Thursday, December 3, 2009

Four Places to Go Before you Novel

    What's your next big Writing Trip? Are you going to travel the The Great American Novel route? Or take the back roads of A Pretty Good Book to Share with your Friends? Whatever your ambition to fill up those empty reams, Excuse Editor has a few places you'll need to stop along your journey.
  • Inspiration Station
    • Start asking, "What if...?"This station is full of unique characters. Take a look around you. Pay attention. Take tidbits of your life and the lives of people you hear about and start to ask, "What if...". What if the man you see timidly walking into the grocery store is on his first trip out of his house in 20 years? What if someone recognizes the dog on the Lost Pet posting because the dog had first turned up missing from the home of a neighbor whose child had been kidnapped? Let your imagination roam through possibilities until something holds on to you.
    • Follow the trail. When you get stuck in any part of the process, know that it is part of the process. All writers pass through similar dips in inspiration. Read about how other novelists come up with their ideas here.
  • Writing Highway
    • The journey of a thousand sentences begins with just one word. You may have taken part in National Novel Writing Month. Anything that helps to get words onto the page is necessary. Once the words start forming on the page you are on your way.
    • Scheduled Maintenance. While you are writing, keep learning about the craft; read helpful books to keep you inspired and teach you how to jump over the tough spots. Take in a variety of these works-- some may not speak to you, while others may send you into finger-cramp-speed-writing-heaven.
      • Roz Morris is celebrating Novelists by offering her book, Nail Your Novel, FREE! Just click and download, that's it. She has some creative ways to keep aspiring novelists from leaving their work sad and lonely in a dusty corner somewhere. Roz takes you through a planning process she believes will produce a more successful novel. Take a look!
      •  Writing the Breakout Novel by Donald Maass teaches you how to take a deeper look at your story to see if it will be successful. Now, reading his book doesn't guarantee that you will sell as many copies as one of his clients,James Patterson, but it does give you guidelines on plot, character, viewpoint you may have overlooked.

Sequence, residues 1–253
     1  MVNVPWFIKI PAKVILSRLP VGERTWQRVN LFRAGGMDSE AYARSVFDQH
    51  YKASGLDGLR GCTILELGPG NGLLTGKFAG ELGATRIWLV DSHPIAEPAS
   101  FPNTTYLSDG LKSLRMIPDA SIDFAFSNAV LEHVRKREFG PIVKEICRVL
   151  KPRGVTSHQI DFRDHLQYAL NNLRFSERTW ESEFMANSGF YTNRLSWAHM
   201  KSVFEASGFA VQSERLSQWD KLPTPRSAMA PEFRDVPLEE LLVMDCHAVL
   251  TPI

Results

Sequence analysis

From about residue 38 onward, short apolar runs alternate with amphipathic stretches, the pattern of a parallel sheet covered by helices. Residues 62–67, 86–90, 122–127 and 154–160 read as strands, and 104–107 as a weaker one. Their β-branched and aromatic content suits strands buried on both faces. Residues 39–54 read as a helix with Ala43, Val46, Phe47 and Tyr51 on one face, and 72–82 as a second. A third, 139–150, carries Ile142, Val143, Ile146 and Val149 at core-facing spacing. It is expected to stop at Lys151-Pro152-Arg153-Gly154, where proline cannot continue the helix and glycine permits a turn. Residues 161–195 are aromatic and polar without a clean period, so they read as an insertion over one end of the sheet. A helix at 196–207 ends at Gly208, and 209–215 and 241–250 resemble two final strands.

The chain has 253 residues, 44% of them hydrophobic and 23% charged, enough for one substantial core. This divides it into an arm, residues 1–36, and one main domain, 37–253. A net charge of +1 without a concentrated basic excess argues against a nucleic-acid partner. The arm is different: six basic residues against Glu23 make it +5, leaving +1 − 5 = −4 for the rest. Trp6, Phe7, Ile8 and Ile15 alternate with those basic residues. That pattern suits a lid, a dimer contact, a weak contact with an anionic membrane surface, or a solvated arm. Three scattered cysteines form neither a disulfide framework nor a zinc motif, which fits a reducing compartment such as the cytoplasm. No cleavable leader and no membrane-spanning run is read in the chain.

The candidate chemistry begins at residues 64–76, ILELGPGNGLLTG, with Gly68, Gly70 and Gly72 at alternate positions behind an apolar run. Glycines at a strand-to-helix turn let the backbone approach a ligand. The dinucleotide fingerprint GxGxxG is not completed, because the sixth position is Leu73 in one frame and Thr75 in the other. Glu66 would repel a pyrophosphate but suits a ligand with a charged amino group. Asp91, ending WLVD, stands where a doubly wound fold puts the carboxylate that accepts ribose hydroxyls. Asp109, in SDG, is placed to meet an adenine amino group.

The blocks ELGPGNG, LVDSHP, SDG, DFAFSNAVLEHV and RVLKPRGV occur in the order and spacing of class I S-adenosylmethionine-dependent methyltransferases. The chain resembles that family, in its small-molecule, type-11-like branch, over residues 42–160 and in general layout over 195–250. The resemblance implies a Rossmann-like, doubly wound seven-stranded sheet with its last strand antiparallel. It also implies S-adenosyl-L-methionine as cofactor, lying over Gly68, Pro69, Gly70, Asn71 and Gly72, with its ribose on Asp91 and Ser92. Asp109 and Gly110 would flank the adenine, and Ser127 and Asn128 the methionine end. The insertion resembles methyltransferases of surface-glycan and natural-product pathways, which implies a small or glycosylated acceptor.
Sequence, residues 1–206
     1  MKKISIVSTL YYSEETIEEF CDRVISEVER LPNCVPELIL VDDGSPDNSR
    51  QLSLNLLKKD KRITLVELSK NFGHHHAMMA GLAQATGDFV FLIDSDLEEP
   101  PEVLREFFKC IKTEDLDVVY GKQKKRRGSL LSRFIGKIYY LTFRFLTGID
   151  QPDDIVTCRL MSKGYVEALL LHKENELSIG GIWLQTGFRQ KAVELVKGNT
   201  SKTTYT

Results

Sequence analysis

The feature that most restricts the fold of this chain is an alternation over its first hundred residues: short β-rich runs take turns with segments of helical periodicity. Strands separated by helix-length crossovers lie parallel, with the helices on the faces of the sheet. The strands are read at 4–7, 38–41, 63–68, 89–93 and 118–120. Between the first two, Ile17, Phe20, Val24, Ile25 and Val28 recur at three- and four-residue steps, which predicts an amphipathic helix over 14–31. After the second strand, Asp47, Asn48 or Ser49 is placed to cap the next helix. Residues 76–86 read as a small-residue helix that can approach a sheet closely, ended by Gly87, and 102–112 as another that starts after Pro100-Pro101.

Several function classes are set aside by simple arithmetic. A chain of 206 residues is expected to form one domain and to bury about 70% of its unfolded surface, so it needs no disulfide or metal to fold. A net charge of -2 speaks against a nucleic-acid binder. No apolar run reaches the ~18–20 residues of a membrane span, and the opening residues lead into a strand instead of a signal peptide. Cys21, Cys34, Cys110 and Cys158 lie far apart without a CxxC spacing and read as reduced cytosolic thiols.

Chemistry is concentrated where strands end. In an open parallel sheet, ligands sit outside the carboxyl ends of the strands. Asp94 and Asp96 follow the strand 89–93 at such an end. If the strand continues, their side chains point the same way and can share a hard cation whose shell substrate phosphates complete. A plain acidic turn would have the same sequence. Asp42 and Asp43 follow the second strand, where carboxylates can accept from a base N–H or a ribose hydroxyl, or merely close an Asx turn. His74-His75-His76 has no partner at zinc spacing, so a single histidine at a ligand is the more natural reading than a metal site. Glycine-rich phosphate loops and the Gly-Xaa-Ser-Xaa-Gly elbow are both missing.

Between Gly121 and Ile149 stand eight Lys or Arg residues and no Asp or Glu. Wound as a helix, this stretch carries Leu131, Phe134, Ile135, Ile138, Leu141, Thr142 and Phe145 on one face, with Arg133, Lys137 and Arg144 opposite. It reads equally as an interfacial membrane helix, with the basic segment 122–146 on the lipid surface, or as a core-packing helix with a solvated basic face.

• Editing Bridge
    • Crossing over. You can see your destination, but you're not quite there. You don't have to navigate that scary pass alone. Yes, the act of writing can be a lonely endeavor, but editing can be a team effort. Join a group in your town, or start your own. Find writing forums and groups on the internet. Don't be afraid of feedback, it can improve your writing, making you less susceptible to danger once you get to the other side.
  • Submission Junction
    • Travel Diary. You've written, rewritten, edited. You've built your Novel up and tore it down again. Finally it is ready. You want to share your hard work!
      • You could self-publish. Print-on-Demand publishers are very common now. It may be enough to just know the FEEL of your own work in your hands, and have it available for friends and family.
      • Or, that is just not enough for you. You want to get it published the traditional way. Take a deep breath, and dive into The Writer's Market. That is a good starting point for finding agents and publishers to query.  
    • Query? That's your next step. Keep the creative momentum going for your "hook"-- those words that will jump off the page and demand that a publisher ask for your manuscript. Learn to sell yourself and your novel in a short, succinct way.
If writing a novel is on your agenda, enjoy the ride! Let me know how you avoided potholes and travel delays, and of course, I'd love to hear about any souvenirs you found along the way.


    1. FYI Just got an email from the Writer's Digest Shops. They are offering a webinar on Thursday, Dec 10 about Novel Hooks for your Query Letter. Info:

    2. This is great, Tina. I found two books to buy which I'll be glad to share with the group.


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